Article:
If the results of US action are that Syria never agains uses chemical weapons, and even better surrenders them, that is a meaningful victory for international norms against chemical weapons. The broader question is that enough pressure needs to be applied to the Assad regime to convince them to negotiate an end to this war. At this point they believe they will win militarily as long as Russia shields them at the UN and supplies them enough weapons.

What if we strike and then Assad uses chemical weapons again? Or simply continues his slaughter of civilians using conventional weapons? Are we open to intervening more aggressively? What's the limit of US intervention?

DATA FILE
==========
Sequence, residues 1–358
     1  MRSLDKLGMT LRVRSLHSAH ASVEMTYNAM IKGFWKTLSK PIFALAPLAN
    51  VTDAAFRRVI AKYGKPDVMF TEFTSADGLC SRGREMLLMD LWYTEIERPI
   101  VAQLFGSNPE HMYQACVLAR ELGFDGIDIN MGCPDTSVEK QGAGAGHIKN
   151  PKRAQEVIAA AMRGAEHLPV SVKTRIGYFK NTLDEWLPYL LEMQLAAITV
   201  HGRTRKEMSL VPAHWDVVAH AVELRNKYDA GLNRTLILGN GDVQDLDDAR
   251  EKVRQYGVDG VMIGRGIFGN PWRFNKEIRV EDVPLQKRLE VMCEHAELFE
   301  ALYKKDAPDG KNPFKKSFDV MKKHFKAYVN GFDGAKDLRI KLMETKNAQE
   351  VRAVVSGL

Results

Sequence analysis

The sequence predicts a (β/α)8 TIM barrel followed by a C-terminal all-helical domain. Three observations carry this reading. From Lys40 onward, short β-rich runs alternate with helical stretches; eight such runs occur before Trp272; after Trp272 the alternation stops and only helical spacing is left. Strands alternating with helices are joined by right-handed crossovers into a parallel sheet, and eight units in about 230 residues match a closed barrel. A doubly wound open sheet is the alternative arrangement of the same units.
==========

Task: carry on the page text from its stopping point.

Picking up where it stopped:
The limits are clear. No ground troops. US involvement should be limited to missile strikes, air power, and the provision of aid to the rebels and training.

Why is the focus of U.S. intervention a military strike rather than diplomacy? Have we truly utilized all diplomatic efforts?

Diplomacy has been tried for over 2 years and we now have a nation where one third are refugees (2 million externally and 5 million internally displaced). All attempts at diplomacy have gone nowhere as the Russians have vetoed every UN SC resolution on Syria and the Assad regime has refused to negotiate a new democratic future for Syria. Assad does not recognize the rebels as legitimate and considers them all terrorists.